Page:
July 16, 8pm
@ The Apartment
This July, The Apartment is celebrating ‘Poets Theatre’ by organizing a festival of sorts through the final, heated weeks of the month.
Inspired partly by the recent release of The Kenning Anthology of Poets Theatre 1945-1985, we have invited a stellar group of poet types to play the part and put their work out on our stage.
To open our festivities we are thrilled to host a reading with Kevin Killian and Dodie Bellamy. Please join us at the gallery to welcome these belle letterists from San Francisco.
Killian will be reading from new book TWEAKY VILLAGE (Wonder Books). TWEAKY VILLAGE, Killian’s third book of poetry, takes a cold eye on the supercharged gentrification in his adopted city, San Francisco, while continuing to search for signs of hope in the unfolding career of his muse, pop singer Kylie Minogue (“The Lo-comotion,” etc).
Bellamy will read from her new book THE TV SUTRAS (Ugly Duckling). TV SUTRAS unfolds in two parts, a collection of 78 sutras garnered from propitious appeals to the remote control, and then a memoir/essay/fiction in which Bellamy explores all the cults she’s been in, past and present, to a delirious climax.
Poets Theatre Festival
Wednesday, July 16, 8pm
Festival Opening with a special guest reading by
Kevin Killian and Dodie Bellamy
July 17 – 19
Performances Sat 19, 8pm
Poets Theatre Intensive with Kevin Killian and Dodie Bellamy
in collaboration with The Capilano Review
“We're going to write a series of short ten minute plays, rewrite them, cast them, stage them, direct them, panic about them, cut those terrible slow first ten minutes from them, and then on Saturday night we'll deliver a fully participatory, multimedia extravaganza like Peter Brook or Robert Wilson might do if they had only a tiny budget and actors better at being poets than stars. But as Aleister Crowley said, in Vancouver, "The joy of life consists in the exercise of one's energies, continual growth, constant change, the enjoyment of every new experience. To stop means simply to die." All welcome to participate—every man and every woman is a star.”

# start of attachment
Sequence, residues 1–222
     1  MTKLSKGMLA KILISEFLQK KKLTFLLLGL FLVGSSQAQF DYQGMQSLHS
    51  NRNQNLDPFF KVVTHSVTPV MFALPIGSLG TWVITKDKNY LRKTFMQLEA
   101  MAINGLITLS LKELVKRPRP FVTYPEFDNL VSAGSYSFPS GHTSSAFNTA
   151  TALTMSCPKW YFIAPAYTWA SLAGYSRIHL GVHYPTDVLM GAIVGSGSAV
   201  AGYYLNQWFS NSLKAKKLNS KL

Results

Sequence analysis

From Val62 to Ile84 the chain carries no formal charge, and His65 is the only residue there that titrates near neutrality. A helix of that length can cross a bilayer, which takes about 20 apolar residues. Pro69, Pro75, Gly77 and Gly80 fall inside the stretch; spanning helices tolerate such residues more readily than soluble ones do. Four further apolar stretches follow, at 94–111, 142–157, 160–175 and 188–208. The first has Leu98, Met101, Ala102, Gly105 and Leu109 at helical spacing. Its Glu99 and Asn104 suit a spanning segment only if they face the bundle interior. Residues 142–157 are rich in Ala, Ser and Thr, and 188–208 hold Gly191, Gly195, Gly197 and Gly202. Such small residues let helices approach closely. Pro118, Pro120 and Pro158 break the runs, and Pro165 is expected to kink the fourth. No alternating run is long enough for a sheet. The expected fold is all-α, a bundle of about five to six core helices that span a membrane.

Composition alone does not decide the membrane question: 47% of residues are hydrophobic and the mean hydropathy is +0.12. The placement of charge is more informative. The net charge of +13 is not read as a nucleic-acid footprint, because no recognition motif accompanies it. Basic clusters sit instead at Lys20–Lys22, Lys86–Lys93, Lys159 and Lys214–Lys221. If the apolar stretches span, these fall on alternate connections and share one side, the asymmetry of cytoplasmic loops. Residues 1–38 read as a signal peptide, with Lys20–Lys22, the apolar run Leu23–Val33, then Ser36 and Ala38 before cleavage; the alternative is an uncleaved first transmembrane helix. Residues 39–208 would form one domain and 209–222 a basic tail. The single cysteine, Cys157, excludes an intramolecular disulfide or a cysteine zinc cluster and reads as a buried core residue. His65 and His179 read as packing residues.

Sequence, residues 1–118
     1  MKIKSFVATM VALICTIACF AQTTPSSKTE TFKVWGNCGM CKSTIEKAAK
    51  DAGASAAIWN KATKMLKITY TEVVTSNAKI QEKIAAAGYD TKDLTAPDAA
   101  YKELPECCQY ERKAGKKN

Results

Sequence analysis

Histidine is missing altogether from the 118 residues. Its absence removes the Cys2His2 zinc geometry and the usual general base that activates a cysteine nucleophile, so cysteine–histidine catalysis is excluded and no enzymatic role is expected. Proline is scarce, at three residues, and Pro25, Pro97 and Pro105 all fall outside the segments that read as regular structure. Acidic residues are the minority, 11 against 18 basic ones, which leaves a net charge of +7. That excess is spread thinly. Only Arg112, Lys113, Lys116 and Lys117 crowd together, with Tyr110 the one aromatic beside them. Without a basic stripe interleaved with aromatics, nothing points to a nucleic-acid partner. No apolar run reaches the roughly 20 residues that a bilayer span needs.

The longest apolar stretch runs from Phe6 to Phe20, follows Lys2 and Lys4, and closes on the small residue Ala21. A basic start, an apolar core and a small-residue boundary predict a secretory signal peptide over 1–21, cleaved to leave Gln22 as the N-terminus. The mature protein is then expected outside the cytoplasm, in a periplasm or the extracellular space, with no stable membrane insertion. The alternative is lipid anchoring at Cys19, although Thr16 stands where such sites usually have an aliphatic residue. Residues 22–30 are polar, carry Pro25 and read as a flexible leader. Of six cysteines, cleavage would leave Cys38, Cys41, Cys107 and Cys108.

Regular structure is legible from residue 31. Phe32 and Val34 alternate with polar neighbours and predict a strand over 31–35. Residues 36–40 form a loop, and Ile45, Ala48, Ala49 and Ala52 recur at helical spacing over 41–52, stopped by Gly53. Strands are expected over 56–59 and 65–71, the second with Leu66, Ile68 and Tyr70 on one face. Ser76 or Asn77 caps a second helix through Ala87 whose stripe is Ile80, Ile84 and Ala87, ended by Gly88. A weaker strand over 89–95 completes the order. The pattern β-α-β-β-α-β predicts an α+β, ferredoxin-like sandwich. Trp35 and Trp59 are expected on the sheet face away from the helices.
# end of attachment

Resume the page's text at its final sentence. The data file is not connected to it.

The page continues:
Lot, a special installation by Tiziana La Melia will act as a theatrical environment to play in.
La Melia’s recent works fall under the loose rubric of Purple Poses and “come out of my research on decreation, dropouts, and disappearances; it is an extension of my research on the affect of illness, in a broad sense, and emerges out of research on figures such as Karen Carpenter, Janis Joplin, Emmy Hennings, and Mark Twain's Aquarium Club.”
Sunday July 20, 3pm
Ian Wallace: Artist Talk and Discussion
Ian Wallace, British Art Award, 2014, Inkjet print, 24 x 19.25"
In conjunction with the exhibition Reading Works: Matthew Higgs and Ian Wallace, we will host an afternoon talk and discussion by Vancouver artist Ian Wallace.
Sunday July 27, 3pm
War Wounds: An evening of Short Plays by Poets
organized by Dorothy Trujillo Lusk
Maxine Gadd is a long time resident and participant in the cultural/political communities of Vancouver's Downtown East Side. Her books include "Lost Language," "Backup to Babylon," and "Subway under Byzantium."
Danielle La France is the author of "Species Branding" and "Pink Slip." She is the Co-curator, with Anahita Jamalirad, of "About a Bicycle" a reading/discussion group and journal.
Patrick Morrison is a writer, thinker, lifter and brewery driver who lives on occupied Coast Salish Territories.
Thursday July 31, 8pm
Poets Theatre DOUBLE BILL
Artist Poetry curated by Tatiana Mellema
Tiziana le Melia, Class room (private eyes), gouache on linen, 44" x 27"
An evening of Artist Poetry presents new works by Vancouver-based Tiziana La Melia, Kate Moss, Donato Mancini, and others, whose practices explore the intersections between visual arts and poetry. These presentations will include poetic events that respond to the performative, open-ended, site-specific and provisional nature of 'Poets Theatre' in the context of the local arts community.
Jack Spicer's Young Goodman Brown (1946)
Produced by Michael Turner
Discovered amongst his papers in 2004, Jack Spicer's 1946 student adaptation of Nathaniel Hawthorne's 1835 allegorical tale of Christians and witches in New England is, according to the professor he submitted it to, "the most successful dramatization of the story that could be achieved" -- "the form is almost exactly that of the formal stasimon-episode alternation, and I think I detect the pathos scene, the catastrophe and the lamentation."
Contact The Apartment for more information!